Bread for the City's new rooftop vegetable garden in Washington, D.C., highlights how green spaces can help sustain a city
I was interviewed earlier this week by a filmmaker who is working on a documentary on urban gardening and agriculture. The main point I tried to make was that, for city gardens to succeed, we need them to support rather than displace traditional urbanism.
Today I came across a wonderful example of exactly that. Long one of DC's best-regarded charities, Bread for the City is known for providing food and much more (including a variety of material and social services) to the city's underserved populations. The organization has just completed a major expansion of its Northwest (DC) Service Center, and is (literally) capping off the building project with a 3500-square-foot rooftop vegetable garden with 30 gardening beds.
Elahe Izadi writes in the local blog DCentric:
The idea came out of an initiative by a couple of employees at the organization's Southeast center, where they had planted some herbs and vegetables on the patio. Development Associate in Communications Greg Bloom says the organization then decided to turn the Northwest center's new green garden into one that grew more than just plants that absorb rain water.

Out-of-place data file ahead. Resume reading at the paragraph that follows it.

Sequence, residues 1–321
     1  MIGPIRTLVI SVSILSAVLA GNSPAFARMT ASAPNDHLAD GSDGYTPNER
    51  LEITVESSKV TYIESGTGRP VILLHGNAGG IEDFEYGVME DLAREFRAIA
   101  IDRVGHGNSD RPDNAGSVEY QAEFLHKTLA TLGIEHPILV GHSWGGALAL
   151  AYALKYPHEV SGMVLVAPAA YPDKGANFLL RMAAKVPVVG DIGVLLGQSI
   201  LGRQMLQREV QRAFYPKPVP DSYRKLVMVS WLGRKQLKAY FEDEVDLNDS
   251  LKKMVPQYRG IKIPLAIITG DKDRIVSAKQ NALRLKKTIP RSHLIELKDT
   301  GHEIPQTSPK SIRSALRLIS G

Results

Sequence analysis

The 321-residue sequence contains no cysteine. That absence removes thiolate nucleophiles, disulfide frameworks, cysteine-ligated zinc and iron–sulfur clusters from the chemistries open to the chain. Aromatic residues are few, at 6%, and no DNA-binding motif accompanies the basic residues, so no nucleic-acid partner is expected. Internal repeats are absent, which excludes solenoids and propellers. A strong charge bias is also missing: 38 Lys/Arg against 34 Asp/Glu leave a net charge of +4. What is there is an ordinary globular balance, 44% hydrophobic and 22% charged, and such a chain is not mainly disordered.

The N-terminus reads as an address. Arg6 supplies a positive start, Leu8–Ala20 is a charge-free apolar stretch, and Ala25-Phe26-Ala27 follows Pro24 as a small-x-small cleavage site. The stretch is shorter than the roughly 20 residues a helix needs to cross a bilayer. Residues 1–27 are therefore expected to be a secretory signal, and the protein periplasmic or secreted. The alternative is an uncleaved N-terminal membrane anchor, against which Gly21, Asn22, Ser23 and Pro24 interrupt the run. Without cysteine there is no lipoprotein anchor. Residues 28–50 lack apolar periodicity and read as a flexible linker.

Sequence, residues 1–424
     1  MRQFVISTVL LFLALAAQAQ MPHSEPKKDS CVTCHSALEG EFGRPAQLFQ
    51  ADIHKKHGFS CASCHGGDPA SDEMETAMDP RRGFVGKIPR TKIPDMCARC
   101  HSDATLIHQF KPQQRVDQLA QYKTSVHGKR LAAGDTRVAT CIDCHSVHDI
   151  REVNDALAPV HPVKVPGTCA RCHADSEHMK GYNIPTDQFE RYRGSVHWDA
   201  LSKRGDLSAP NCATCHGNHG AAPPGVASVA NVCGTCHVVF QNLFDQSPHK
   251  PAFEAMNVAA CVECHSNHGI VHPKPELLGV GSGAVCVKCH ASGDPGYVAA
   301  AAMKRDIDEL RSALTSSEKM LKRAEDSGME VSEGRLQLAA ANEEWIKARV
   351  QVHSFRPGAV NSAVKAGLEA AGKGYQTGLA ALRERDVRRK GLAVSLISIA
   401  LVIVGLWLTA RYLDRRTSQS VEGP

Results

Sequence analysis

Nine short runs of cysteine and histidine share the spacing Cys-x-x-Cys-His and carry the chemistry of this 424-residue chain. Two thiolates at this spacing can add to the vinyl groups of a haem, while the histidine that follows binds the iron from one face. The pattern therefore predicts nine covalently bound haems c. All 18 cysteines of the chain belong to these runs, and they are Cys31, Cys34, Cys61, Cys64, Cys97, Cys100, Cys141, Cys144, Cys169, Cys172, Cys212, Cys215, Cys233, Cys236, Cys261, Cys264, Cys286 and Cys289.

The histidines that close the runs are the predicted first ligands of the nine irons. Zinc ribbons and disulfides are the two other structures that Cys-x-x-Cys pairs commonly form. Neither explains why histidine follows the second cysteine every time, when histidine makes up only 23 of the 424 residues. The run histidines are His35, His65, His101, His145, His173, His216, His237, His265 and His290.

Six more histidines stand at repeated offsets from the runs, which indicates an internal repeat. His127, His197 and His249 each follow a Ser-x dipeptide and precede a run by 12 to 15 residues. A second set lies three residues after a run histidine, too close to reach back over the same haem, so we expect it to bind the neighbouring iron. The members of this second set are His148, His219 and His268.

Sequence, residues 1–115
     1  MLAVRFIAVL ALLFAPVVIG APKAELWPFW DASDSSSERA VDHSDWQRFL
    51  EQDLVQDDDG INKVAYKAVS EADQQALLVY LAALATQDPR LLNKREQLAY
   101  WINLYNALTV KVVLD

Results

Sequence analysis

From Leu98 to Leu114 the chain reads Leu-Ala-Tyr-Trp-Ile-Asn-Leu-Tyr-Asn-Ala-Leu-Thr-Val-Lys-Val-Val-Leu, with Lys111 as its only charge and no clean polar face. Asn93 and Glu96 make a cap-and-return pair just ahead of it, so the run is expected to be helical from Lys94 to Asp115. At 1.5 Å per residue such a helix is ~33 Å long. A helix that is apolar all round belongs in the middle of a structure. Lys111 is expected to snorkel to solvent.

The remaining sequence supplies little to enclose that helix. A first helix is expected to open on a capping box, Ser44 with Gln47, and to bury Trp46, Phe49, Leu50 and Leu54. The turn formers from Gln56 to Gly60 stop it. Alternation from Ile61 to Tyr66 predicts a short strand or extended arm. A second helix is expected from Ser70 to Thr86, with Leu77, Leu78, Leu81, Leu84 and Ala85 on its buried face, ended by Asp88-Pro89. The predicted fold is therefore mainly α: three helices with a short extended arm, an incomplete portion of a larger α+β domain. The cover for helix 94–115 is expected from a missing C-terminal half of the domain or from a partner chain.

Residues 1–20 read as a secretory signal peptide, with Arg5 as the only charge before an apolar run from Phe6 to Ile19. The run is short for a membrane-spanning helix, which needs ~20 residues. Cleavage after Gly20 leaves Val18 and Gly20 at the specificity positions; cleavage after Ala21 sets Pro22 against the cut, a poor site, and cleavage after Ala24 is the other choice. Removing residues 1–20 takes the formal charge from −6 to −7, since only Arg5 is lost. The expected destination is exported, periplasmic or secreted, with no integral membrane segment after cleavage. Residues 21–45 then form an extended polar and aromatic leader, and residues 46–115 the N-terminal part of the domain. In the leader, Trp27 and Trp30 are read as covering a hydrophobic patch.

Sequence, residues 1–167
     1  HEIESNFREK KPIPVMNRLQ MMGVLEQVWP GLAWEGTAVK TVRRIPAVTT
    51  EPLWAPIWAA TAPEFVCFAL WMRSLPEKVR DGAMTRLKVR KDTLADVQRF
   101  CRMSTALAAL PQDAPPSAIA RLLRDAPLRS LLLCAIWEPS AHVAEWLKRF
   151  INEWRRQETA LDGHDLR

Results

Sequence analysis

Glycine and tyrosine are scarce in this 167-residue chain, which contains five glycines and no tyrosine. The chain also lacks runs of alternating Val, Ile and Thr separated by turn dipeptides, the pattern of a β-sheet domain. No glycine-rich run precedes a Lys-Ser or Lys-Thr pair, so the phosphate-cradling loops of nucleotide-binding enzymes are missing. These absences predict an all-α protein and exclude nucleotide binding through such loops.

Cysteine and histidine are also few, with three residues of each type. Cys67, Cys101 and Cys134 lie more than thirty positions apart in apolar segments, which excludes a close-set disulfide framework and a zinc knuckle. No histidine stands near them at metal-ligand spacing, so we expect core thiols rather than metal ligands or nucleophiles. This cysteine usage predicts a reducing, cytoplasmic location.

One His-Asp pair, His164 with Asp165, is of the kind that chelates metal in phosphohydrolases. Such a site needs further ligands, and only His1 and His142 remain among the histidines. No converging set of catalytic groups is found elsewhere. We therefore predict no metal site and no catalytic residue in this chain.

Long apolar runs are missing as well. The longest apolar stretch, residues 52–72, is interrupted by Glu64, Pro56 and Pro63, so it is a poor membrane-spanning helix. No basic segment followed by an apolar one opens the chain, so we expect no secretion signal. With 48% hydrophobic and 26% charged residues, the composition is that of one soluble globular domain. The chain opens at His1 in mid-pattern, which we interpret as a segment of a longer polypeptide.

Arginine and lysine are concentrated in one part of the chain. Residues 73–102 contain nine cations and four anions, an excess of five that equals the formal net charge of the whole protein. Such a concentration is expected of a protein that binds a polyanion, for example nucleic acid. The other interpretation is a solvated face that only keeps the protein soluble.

Izadi says the nonprofit green-roof organization DC Greenworks will provide assistance, and Bread for the City's clients will help with maintenance.
A lack of access to healthy food is a major problem in distressed city neighborhoods across America. This will help, but that's not all. Izadi continues:
[T]his garden won't be able to feed all Bread for the City clients (the organization serves 4,500 families a month--that's a lot of food for a roof to produce). Instead, it will primarily serve as a way to educate clients and the community about food justice and also serve as a green space 'to foster reflection' and spur dialogue between and among clients, community organizers and donors about food sustainability.
According to the organization's web site, Bread for the City was created in 1976 by a coalition of downtown churches to feed and clothe the poor. In 1995 it merged with Zacchaeus Free Clinic, which provided medical services. The organization operates two facilities in DC to provide direct, free services to low-income residents "in an atmosphere of dignity and respect."
I came across this story on the same day as I read a considerably less hopeful article in the Washington Post about the closing of an inner-city garden that has long served residents but is on private property now needed by the owners for renovations. In addition, Neil Takemoto has a new story posted on his always-engaging blog Cooltown Studios about how smaller food stores are regaining popularity in urban areas.
This post also appears on NRDC's Switchboard.